The U.S. TV landscape continues to change, and the rise of automated, programmatic trading continues unabated in the digital video advertising world (according to eMarketer, programmatic digital video ad spend in the U.S. will rise to nearly $4 billion in 2016). It now promises to disrupt and drive conversion within the traditional TV industry as well, offering broadcasters and operators the opportunity to drive greater efficiencies and revenue than ever before. Programmatic TV can begin to work for your video business today, and continue to expand to deliver new revenues in the future.

What is programmatic TV? Put simply, it’s a more automated, data-driven and audience-based way of transacting TV advertising across screens. It includes linear broadcast, cable, telco and satellite; addressable TV (through connected TVs, other IP-enabled devices, and STBs [set-top boxes] at the household level); VOD (video-ondemand); and digital TV. According to industry reports, programmatic TV is expected to account for 4% of TV ad budgets ($2.5 billion) in the U.S. this year, rising to 17% ($10 billion) by 2019. More significant programmatic integration between digital and linear TV will continue to evolve and grow over the next few years as traditional TV ad transaction systems begin to catch up to programmatic ones by standardizing planning, buying, selling, trafficking and billing system workflow, and the reporting and sharing of data— within the context of the existing TV ad infrastructure.

Today, operators and broadcasters like ESPN are experimenting with strategies to generate incremental revenue through programmatic TV. Ad transactions can be completed via the web, and offers can be received across web and addressable, STB-based inventory. DSPs (demand-side platforms) have begun integrating with providers and SSPs (supplyside platforms) to provide the ability to execute planning and buying for web and STB-based inventory, although it is not yet fully automated; for the most part, manual processes are still in place as the technology evolves. Because of this, at present programmatic TV is primarily being driven by digital and local cable ad insertion; over time, it will move more solidly into local broadcast, and national cable and broadcast spots on linear TV.

“It’s “inevitable” that TV advertising goes programmatic.” – Brian Stempeck, SVP of strategic Business Development for The Trade Desk, as quoted in Multichannel News.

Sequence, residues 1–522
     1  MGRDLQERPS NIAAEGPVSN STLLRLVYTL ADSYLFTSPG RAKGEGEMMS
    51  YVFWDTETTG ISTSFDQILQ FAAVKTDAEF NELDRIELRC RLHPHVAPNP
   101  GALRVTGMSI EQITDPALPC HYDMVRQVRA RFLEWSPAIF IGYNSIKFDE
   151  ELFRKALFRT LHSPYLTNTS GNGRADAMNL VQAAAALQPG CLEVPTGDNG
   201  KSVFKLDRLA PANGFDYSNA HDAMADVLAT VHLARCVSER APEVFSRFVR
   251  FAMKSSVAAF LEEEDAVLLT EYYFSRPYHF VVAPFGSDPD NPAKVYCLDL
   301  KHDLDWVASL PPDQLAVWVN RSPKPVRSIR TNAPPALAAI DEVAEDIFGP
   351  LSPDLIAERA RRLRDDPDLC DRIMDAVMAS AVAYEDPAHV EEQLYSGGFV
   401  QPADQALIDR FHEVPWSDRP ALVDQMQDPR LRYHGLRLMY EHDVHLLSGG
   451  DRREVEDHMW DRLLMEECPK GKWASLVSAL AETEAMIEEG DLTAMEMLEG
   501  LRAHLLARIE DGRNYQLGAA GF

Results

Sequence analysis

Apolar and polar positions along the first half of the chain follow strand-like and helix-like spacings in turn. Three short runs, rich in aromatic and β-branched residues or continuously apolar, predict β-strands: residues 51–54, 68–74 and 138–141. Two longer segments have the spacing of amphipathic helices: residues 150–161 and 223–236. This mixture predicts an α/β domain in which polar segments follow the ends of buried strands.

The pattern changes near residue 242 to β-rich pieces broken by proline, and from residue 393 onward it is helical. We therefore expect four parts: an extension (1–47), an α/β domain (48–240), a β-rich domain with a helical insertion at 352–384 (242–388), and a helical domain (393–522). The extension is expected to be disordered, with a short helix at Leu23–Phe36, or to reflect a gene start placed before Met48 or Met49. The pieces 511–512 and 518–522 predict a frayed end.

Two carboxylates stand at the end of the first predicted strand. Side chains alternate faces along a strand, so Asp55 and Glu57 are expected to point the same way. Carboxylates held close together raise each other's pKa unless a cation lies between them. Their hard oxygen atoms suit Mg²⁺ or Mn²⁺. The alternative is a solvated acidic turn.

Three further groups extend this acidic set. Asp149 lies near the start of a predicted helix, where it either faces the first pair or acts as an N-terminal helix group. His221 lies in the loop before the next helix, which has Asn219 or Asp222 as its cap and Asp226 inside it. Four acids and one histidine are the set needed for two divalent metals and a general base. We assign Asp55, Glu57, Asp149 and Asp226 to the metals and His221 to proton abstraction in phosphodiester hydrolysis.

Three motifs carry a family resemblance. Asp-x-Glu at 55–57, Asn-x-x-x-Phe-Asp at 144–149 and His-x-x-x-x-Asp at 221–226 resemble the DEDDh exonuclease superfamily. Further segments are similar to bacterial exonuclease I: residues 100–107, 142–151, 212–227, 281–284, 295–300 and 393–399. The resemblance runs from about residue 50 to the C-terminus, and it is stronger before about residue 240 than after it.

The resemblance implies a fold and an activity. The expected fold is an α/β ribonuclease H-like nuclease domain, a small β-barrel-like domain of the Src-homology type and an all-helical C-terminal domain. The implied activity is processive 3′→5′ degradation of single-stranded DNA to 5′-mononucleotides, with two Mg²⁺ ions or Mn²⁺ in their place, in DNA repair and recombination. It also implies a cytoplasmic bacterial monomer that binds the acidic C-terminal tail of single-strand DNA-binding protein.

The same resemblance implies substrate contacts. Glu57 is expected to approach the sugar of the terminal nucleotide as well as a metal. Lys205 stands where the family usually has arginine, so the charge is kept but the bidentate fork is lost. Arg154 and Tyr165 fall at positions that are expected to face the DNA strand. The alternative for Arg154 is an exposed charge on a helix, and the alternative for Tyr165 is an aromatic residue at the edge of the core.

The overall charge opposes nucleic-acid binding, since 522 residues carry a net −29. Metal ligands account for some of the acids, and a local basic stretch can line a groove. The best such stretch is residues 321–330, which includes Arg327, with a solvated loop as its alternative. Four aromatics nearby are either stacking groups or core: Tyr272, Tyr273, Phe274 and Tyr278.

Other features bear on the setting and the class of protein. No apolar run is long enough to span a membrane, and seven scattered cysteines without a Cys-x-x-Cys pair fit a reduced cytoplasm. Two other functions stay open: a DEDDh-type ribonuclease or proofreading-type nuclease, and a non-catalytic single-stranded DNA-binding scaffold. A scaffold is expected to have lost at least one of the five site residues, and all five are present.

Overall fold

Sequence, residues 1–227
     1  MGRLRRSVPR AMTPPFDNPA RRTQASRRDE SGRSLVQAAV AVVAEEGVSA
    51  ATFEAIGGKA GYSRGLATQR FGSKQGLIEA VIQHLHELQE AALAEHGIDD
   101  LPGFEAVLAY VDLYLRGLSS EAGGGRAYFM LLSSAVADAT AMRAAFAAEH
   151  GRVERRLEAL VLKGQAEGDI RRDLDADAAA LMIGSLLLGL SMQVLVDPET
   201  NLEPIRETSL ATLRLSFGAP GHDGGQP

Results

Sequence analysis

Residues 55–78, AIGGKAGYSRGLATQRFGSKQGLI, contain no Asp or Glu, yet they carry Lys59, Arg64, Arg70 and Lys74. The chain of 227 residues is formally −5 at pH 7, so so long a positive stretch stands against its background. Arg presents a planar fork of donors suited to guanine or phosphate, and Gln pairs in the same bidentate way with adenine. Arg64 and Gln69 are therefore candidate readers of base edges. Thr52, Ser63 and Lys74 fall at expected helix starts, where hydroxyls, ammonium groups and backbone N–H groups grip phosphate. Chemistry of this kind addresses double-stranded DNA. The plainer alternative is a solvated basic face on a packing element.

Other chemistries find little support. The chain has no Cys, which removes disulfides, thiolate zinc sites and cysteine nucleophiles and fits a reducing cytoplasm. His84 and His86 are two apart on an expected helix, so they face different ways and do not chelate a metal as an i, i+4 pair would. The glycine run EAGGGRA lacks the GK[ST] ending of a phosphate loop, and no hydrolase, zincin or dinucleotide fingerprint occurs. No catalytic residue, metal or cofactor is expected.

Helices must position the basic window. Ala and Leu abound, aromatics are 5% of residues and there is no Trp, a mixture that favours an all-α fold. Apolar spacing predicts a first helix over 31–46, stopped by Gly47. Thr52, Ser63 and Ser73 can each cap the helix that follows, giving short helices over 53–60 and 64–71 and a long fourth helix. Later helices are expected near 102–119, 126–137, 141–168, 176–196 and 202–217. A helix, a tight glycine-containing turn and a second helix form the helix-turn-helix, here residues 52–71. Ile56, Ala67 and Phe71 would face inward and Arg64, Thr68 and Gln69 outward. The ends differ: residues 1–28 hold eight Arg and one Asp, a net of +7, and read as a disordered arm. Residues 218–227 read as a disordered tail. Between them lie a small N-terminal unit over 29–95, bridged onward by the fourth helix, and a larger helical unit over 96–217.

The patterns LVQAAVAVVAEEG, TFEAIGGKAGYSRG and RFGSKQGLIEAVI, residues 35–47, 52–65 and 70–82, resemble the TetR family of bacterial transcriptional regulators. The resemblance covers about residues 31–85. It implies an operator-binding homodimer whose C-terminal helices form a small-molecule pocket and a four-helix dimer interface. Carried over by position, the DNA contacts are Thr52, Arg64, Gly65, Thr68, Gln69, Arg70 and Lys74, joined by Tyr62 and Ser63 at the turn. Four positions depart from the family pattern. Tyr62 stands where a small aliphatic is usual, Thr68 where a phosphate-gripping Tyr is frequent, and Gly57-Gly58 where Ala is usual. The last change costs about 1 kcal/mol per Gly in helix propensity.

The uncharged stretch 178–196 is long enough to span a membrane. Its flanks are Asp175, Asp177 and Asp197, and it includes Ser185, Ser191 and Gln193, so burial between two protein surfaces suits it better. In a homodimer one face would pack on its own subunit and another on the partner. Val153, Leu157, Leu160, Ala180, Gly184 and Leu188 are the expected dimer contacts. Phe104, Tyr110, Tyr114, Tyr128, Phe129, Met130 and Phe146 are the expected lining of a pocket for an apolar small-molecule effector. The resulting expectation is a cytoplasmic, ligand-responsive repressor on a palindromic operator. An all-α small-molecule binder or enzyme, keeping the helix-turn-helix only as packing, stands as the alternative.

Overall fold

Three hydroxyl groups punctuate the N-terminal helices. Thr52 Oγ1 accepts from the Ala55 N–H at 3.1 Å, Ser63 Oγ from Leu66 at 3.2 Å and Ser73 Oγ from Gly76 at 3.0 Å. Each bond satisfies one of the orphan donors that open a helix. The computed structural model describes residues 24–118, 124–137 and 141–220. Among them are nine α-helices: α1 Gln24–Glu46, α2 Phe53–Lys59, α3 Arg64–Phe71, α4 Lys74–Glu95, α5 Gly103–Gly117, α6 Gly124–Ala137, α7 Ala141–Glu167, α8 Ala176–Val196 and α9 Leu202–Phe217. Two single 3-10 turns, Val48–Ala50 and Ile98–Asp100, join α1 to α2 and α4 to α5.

Marketer demand for programmatic TV is increasing, and the pressure is on to leverage programmatic TV and recapture revenue – as ad dollars have been moving away from TV to digital platforms. A recent study reported in eMarketer indicated that buying programmatic TV inventory alongside programmatic digital video inventory was very important to over 33% of U.S. ad buyers and sellers. 2015 so far has been a year of development, early deployment and experimentation in the space, but look for the 2016 presidential campaign to be a prime catalyst that accelerates programmatic TV in the U.S., as the candidates hone in on data to reach and engage voters in local markets.

While the full potential of programmatic TV is still coming into view, here are three ways broadcasters and operators can begin to make the most of it today:


In 2014, eMarketer noted that U.S. brands and agencies spent more than 30% of their ad budgets on digital video and TV cross-platform buys. Programmatic TV further enables a holistic, omnichannel sales strategy, with an audience-first approach – wherever and whenever they are watching video – versus a program-ratings or screen-first approach. This strategy is particularly helpful for smaller niche cable broadcasters that may not make it on to ratings-based ad plans, to increase sales. The tools exist today for broadcasters and operators to offer more precise audience targeting and indexing, such as via STB data on DMA, demographics, and psychographics for interestbased segmentation. Providers can simplify video campaign measurement and provide clients with deeper audience data and metrics to deliver more targeted, relevant ads than traditional TV program buying can enable today.


Along with programmatic direct deals – which most closely resemble the existing TV ad deal structures, private programmatic marketplaces for premium inventory transactions are becoming a choice programmatic TV model for top broadcasters and operators exploring the space. These marketplaces offer a strong confluence of traditional direct sales controls, auctions with select trading partners, and automated efficiencies across platforms. The use of both models will likely rise further over time because they best complement the traditional TV upfront ad commitment and scatter market structures in place, while offering greater inventory supply and rate controls than open exchanges – as well as safer trading environments. NBCUx, and Cox Media in the U.S., and the Aunia marketplace in Spain are recent examples of ways providers have been looking across their own ad ecosystems or creating combined ecosystems with partners in order to drive scale and revenue, and help advertising clients meet their goals.